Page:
In the past, events like this week's Singapore Summit would have gathered participants in a large venue. But due to Covid-19, the discussions continue virtually.
Citing this yesterday, Trade and Industry Minister Chan Chun Sing said the coronavirus pandemic has accelerated digitalisation, and Singapore is pioneering different ways to carry on running amid disruptions. "We are not planning on waiting out for the Covid situation to pass. Our priority now is really to learn to live in a Covid world while preparing for a post-Covid world."
He was part of a panel on the topic of digital connectivity and cross-border flows in a post-Covid world on the summit's last day.
Mr Chan said while the world was already heading towards digitalisation before Covid-19, the pandemic has accelerated this process.
One result is the rapid adoption of working remotely that many companies had to instil so their employees can remain distanced and prevent the spread of the disease.
The minister noted that with telecommuting becoming a norm, people and companies will soon understand that many white-collar jobs can be done over the Internet from anywhere in the world, making them more competitive.
"White-collar jobs will no longer have the geographical insulation that they used to have, and it will become a much more competitive, and a much more connected, playing field across the entire world," he said. "This is why even white-collar workers would require lifelong learning in order for them to stay competitive and to have a job."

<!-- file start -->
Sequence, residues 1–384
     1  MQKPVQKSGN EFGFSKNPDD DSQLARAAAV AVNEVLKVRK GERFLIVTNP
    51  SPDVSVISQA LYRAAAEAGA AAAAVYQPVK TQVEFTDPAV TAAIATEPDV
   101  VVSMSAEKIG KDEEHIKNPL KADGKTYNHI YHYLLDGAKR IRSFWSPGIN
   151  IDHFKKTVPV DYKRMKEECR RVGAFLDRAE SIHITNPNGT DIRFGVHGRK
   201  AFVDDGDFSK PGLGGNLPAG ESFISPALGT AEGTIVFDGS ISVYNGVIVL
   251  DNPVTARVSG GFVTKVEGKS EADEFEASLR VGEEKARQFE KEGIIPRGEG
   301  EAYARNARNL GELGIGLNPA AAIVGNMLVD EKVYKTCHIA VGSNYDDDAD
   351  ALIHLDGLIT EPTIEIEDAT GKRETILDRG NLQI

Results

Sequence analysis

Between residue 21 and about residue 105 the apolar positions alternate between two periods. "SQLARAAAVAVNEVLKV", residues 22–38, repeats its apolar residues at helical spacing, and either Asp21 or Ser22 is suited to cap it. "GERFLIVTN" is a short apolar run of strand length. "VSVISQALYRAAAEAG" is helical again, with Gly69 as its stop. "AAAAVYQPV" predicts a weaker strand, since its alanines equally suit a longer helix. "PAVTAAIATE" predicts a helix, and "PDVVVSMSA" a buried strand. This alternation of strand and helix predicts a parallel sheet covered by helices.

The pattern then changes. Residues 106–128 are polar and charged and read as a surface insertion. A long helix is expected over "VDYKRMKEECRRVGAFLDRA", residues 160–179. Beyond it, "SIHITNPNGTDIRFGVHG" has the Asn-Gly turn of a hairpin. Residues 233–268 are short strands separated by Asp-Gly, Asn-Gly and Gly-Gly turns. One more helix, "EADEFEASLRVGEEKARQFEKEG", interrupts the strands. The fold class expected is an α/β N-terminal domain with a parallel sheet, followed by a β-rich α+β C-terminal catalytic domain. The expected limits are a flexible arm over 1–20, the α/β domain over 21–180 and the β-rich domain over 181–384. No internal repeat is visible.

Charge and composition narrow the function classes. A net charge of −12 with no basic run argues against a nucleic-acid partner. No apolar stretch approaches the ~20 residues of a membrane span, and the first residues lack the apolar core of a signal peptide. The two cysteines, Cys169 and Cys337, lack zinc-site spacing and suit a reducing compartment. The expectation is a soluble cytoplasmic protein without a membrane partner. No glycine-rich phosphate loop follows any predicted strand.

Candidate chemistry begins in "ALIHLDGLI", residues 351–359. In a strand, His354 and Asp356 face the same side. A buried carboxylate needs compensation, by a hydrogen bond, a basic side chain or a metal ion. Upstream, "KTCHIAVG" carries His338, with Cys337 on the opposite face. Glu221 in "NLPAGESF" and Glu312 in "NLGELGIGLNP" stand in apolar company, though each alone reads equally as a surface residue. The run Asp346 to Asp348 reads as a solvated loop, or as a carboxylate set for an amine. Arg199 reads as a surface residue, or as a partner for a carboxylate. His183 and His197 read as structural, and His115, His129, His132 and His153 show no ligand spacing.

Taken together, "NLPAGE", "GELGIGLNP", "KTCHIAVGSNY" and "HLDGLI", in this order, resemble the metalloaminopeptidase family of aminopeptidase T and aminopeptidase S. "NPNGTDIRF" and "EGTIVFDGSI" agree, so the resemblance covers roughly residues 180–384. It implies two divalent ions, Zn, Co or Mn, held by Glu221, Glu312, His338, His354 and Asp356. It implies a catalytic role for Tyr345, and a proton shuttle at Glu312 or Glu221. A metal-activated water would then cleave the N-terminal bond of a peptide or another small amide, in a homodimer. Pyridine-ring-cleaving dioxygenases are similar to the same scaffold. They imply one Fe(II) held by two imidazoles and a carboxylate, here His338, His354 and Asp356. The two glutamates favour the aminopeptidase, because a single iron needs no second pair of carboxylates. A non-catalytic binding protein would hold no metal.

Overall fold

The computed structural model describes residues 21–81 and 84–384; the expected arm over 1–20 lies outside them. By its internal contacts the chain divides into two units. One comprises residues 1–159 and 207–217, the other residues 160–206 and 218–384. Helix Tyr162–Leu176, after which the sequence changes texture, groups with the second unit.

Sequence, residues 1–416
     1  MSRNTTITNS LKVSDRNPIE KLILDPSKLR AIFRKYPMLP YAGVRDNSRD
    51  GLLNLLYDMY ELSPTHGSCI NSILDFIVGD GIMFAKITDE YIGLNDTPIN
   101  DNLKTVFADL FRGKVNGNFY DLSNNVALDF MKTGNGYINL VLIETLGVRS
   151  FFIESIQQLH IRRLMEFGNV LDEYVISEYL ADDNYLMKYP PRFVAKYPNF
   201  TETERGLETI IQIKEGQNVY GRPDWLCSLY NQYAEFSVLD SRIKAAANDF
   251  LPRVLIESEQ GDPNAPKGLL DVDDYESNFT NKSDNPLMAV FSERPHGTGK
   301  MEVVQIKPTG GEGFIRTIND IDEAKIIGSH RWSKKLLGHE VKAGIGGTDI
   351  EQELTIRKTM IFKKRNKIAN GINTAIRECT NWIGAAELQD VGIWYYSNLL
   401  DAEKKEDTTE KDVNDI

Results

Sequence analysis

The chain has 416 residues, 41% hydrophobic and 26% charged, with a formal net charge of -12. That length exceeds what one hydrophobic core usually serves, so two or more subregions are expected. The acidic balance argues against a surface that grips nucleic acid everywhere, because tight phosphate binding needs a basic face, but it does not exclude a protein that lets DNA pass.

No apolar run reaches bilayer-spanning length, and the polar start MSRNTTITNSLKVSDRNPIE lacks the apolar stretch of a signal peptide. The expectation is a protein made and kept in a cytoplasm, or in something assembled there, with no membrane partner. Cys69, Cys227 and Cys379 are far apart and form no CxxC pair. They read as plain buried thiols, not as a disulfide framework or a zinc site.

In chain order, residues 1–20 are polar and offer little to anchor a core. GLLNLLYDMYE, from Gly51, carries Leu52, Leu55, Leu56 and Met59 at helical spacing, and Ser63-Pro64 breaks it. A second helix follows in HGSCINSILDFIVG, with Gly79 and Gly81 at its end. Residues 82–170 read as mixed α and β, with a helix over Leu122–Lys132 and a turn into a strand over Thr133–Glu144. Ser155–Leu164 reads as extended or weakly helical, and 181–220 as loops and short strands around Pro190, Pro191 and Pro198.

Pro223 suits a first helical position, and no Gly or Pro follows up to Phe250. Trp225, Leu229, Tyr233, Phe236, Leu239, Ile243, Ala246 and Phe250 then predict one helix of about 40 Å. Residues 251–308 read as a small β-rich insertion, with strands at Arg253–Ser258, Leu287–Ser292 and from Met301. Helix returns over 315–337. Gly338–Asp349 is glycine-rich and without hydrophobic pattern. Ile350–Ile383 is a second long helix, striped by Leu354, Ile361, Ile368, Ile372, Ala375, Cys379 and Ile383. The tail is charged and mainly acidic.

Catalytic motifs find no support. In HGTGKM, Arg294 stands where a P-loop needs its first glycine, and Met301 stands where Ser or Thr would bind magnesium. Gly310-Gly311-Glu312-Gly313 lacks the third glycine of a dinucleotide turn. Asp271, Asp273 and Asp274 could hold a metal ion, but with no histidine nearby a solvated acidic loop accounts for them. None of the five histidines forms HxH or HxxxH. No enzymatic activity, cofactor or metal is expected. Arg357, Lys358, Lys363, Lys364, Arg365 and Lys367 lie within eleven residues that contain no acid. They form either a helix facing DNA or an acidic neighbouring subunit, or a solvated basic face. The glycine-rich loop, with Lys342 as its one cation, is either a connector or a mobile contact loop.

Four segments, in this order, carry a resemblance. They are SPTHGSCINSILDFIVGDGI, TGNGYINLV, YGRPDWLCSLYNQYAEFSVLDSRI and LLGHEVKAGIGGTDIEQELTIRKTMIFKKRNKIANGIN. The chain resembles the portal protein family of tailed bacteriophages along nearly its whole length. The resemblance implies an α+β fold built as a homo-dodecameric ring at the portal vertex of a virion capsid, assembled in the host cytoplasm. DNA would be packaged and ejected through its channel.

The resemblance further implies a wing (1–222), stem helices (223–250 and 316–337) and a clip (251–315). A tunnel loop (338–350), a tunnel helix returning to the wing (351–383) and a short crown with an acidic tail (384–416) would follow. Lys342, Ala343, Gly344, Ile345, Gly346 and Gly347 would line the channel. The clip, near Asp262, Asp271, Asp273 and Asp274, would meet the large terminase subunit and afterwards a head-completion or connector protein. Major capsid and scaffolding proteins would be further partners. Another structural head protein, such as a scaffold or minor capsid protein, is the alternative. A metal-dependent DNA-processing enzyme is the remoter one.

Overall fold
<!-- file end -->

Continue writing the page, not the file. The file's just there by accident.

Also on the panel moderated by CNBC anchor and correspondent Nancy Hungerford was executive chairman and chief executive officer of commodity trading company Trafigura Group Jeremy Weir.
Covid-19 has hastened the adoption of some practices in his company that have made work more efficient, like the use of communication tools. "We had a lot of people travelling around the globe. But we are now utilising the various communication systems... which have really improved efficiencies in our organisation," said Mr Weir.
Fellow panellist Fleur Pellerin, who is the founder and chief executive officer of venture capital firm Korelya Capital, said she was very impressed with the resilience demonstrated by both big corporations and smaller businesses in dealing with Covid-19 disruptions.
Companies had to move to remote work almost completely and find ways to remain efficient, even those that might never have thought they could do so.
"When you have to, you just do it. Probably some corporations felt they were not very agile. (But) when they had to move, they just moved. And they changed the way they see themselves," she added.
In response to a question from an audience member on the United States presidential election in November, where President Donald Trump is up against former vice-president Joe Biden, Mr Chan said no matter who wins, Singapore will work with them to further ties.
Rather than focus on the personalities, people should focus on the driving forces behind the US administration's policies, he added.
"Whether it is a Trump presidency or a Biden presidency, the US has enduring interest in the peace and security and the economic prosperity of South-east Asia and Asia," said Mr Chan.
"And the US will need to work with partners in this part of the world to secure its own interests. I think that will not change."